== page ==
Kongsberg unit wins Italy order for shallow-water unmanned submersible

MILAN – The Italian Ministry of Defense said it awarded a contract to Norwegian naval vessel manufacturer Kongsberg Maritime for the supply of an unmanned submersible vehicle capable of surveying shallow waters.

The order has an estimated value of $11 million (€10.2 million), according to a notice published this week by the Tenders Electronic Daily website, an online repository for European public procurements.

Little information was provided on the requirements for the autonomous underwater vehicle, or AUV, apart that it is lightweight and suitable to carry out operations in shallow waters.

The definition of a shallow-water AUV varies in terms of the depths it can reach, however, this class of system is typically designed to be used at depths of around 50 meters (164 feet). This is in contrast to deep-water AUVs, which are generally made to perform missions at depths of more than 2,500m.

Kongsberg Maritime’s AUV is in the Hugin systems, of which the Italian Navy is already a customer. In an interview given over the summer, Italian Rear Admiral Gianguido Manganaro, head of the Command of the Mine Countermeasures Forces, said that they have operated the Hugin 1000 since 2013, and that a second 3,000m capable one was set to be delivered by the end of 2023.

A report published last year by the Italian think-tank Istituto Affari Internazionali further stated that the Italian Navy already uses the Hugin 1000 and 3000, which have respective maximum depths of 1,000m and 3,000m.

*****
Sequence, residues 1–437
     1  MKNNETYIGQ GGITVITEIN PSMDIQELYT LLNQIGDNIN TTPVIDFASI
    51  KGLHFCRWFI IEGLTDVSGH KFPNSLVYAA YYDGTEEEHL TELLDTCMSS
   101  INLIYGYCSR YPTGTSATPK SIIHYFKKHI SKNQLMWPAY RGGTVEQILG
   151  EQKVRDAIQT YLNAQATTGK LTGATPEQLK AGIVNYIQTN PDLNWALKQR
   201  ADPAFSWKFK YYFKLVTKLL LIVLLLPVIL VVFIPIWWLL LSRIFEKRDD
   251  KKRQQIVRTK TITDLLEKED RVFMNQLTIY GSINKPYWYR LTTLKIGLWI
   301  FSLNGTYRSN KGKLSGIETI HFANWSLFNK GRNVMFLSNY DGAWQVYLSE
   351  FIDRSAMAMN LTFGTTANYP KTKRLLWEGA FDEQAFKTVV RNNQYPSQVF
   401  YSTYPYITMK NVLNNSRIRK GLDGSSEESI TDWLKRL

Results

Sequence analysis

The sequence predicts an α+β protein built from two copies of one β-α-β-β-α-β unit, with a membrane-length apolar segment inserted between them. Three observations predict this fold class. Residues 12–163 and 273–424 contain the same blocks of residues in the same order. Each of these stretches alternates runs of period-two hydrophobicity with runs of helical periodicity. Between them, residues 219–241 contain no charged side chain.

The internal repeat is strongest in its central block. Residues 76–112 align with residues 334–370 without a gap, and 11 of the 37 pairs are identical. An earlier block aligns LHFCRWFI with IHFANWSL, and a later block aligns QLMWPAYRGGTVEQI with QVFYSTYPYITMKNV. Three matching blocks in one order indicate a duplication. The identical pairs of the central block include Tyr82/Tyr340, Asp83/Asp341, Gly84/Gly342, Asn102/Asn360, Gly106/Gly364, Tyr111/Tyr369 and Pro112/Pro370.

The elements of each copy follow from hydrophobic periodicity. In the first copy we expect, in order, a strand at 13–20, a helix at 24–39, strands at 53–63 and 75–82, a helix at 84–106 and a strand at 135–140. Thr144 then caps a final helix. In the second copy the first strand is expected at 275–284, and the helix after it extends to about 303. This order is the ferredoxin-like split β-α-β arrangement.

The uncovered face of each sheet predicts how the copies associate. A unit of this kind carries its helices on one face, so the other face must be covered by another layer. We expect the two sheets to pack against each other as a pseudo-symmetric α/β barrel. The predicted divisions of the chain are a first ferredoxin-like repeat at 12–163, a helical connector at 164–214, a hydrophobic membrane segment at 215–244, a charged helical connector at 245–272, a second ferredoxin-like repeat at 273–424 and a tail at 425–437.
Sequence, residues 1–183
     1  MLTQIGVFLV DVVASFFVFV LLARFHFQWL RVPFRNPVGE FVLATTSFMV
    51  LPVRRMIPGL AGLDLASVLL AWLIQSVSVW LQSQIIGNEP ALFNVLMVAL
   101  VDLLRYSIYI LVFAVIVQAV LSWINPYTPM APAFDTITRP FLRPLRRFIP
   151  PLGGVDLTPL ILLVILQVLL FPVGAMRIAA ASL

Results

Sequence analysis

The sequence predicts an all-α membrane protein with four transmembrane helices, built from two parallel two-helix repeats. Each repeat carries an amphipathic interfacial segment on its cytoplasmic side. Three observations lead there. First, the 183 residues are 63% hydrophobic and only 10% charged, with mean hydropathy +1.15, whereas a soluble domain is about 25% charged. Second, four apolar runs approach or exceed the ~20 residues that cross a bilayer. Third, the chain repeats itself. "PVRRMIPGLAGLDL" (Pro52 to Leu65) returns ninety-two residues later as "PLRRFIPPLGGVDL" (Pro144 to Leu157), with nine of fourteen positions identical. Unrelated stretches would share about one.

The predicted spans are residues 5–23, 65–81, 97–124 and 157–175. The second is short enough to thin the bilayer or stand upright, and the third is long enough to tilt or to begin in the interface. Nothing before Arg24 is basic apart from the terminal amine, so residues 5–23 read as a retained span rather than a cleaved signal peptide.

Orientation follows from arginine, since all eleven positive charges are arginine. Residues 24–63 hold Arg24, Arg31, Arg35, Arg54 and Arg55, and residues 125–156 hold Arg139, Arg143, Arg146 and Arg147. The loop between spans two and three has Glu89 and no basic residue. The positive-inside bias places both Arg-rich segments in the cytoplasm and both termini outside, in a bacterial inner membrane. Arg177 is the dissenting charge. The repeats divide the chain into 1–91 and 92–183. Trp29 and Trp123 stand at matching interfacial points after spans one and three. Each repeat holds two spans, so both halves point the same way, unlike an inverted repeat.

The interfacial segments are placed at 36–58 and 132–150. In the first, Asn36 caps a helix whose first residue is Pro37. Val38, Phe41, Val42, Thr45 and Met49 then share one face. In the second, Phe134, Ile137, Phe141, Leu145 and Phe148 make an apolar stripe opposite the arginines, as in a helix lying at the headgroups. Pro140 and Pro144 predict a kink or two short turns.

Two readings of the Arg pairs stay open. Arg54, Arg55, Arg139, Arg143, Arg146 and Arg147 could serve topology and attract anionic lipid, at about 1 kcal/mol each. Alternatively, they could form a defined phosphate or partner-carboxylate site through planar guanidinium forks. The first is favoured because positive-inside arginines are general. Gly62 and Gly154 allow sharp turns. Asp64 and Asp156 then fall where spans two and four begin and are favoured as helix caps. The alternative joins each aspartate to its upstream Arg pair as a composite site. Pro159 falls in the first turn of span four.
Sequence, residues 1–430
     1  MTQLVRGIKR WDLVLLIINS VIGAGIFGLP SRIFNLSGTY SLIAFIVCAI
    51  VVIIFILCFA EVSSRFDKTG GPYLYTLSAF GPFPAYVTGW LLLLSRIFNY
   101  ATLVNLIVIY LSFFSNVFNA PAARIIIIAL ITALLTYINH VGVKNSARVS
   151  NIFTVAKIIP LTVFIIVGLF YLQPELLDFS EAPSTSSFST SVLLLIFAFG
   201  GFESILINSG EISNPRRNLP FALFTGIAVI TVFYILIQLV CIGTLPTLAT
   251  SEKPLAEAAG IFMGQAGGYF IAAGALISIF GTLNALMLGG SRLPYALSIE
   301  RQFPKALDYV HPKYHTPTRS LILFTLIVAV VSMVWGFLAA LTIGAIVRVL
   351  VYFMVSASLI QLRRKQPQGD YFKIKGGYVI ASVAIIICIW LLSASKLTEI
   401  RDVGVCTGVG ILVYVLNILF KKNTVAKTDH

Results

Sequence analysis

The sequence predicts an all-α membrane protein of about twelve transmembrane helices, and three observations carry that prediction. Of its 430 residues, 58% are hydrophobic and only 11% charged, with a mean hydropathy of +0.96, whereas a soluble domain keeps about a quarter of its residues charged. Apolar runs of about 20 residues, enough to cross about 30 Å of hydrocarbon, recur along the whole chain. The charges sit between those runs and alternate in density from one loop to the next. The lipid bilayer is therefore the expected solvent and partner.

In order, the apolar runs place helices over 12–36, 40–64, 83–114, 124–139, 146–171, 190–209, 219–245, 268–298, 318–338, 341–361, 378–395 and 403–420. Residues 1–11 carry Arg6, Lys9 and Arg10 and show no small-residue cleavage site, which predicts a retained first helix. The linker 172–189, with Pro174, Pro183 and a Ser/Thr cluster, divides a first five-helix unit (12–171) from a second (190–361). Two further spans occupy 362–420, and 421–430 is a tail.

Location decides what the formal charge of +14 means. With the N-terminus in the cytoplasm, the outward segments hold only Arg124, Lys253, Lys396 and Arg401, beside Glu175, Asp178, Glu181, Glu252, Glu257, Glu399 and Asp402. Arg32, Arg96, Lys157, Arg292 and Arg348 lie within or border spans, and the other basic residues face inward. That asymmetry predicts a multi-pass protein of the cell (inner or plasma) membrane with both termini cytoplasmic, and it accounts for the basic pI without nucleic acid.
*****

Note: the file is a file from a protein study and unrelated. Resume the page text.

Based on this information, the latest contract for a light AUV, could be the third HUGIN procured by the country’s naval forces.

One of the most recently developed variants is the Hugin Edge, described on the manufacturer’s website, as the smallest and most lightweight member of the Hugin family that possesses an autonomous launch and recovery system.

As part of the Italian Navy’s Future Combat Naval System 2035 vision, unmanned systems are listed as a procurement priority.

An Italian company that has doubled down on efforts to advance their naval systems is Fincantieri NextTech, a subsidiary of the Italian group. In 2019, it launched its surface advanced naval drone, dubbed SAND, as a multi-role unmanned surface vehicle.

“Over the past year, a launch and recovery system capable of launching and retrieving underwater unmanned vehicles for naval mine warfare, anti-submarine warfare and critical seabed infrastructure protection was integrated onto SAND,” the company said in an email statement to Defense News.

There is no defined deadline for when the platform will become operational. However, a roadmap of improvements for 2024-2025 has been identified, as market demand for such systems is expected to increase as militaries further define their requirements.

“We have seen USVs become the protagonist in 2023 in new and unexpected wars like Ukraine, and although major navies and industries started developing this kind of technology years ago, the market is relatively young,” the statement said. “In 2024 and years to follow, we will see an increase in demand for interoperability and related improvements in autonomous capabilities.”